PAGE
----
Wavelet analysis, as opposed to Fourier analysis, provides additional freedom since the choice of atoms of the transform deduced from the analyzing wavelet is left to the user. Moreover, according to the objectives of wavelet processing, we may prefer the continuous transform to the discrete transform, if the redundancy is useful for analyzing the signal. We would make the opposite choice, if we were looking for signal compression. In the latter case we must restrict ourselves to wavelets with filters, whereas in the former case almost any zero integral function is appropriate.
Since the Haar base appeared at the beginning of the last century, since renamed the Haar wavelet, passing by Gaussian Morlet wavelets, Meyer wavelets [MEY 90] (obtained using ad hoc construction) and Daubechies wavelets [DAU 88] and [DAU 92] that are the most widely used, numerous wavelets regularly appear in books and are made available in specialized software applications. Construction of new wavelets was very intense in the first ten years of their young history, but recently it has become less regular and bears on increasingly specific goals, often associated with limited application contexts. In Chapter 5 we will find some wavelet construction methods.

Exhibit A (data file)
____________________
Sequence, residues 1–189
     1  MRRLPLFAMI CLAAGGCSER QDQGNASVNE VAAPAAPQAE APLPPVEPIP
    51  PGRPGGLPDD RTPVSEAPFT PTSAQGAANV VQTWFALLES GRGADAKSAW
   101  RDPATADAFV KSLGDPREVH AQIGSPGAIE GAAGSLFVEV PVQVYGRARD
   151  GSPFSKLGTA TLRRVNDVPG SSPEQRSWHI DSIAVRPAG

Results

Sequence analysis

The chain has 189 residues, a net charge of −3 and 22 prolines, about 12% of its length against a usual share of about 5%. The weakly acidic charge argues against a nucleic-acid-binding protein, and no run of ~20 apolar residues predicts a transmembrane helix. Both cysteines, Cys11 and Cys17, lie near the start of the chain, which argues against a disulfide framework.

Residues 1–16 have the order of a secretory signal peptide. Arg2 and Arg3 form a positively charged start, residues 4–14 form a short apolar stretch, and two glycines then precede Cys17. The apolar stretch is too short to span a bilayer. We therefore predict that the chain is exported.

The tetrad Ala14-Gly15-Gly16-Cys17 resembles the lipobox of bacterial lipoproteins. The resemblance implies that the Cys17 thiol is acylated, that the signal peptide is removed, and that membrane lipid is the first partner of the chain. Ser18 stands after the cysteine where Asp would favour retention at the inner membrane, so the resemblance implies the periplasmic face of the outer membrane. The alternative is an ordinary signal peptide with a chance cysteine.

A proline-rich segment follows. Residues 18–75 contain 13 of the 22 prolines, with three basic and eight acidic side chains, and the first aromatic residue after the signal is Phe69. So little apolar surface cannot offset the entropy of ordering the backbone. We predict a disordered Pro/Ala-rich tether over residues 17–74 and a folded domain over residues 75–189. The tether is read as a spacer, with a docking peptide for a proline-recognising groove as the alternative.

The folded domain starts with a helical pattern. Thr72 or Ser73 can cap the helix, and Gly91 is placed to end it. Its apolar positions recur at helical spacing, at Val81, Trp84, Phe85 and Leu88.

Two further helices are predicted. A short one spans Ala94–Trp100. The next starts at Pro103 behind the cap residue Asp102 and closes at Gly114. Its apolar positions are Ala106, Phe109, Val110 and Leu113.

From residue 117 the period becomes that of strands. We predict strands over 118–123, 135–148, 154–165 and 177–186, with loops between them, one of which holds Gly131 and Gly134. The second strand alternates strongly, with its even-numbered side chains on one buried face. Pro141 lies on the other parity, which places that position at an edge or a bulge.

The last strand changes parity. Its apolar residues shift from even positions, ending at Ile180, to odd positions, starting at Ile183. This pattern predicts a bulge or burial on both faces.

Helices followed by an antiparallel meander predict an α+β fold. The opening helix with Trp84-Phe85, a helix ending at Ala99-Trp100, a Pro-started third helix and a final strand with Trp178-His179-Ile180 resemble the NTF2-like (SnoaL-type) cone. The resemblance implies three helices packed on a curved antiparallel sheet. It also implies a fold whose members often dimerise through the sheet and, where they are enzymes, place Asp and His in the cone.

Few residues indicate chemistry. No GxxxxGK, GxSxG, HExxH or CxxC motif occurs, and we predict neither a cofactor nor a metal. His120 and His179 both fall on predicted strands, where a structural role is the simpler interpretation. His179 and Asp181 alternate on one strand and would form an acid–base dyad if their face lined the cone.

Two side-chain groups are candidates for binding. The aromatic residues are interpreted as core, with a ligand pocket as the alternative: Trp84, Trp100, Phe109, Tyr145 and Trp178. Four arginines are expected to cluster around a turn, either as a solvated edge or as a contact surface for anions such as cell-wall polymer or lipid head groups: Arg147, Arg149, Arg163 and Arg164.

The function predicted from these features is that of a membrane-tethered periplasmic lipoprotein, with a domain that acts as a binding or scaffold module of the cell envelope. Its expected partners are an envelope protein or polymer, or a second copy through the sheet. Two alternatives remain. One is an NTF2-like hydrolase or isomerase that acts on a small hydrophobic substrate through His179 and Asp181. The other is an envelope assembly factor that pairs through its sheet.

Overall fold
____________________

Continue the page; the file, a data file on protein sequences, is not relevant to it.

This chapter proposes a mini-genealogy of well-known wavelet families. Their presentation is organized according to the numerous properties that make it possible to differentiate between them and make a selection ...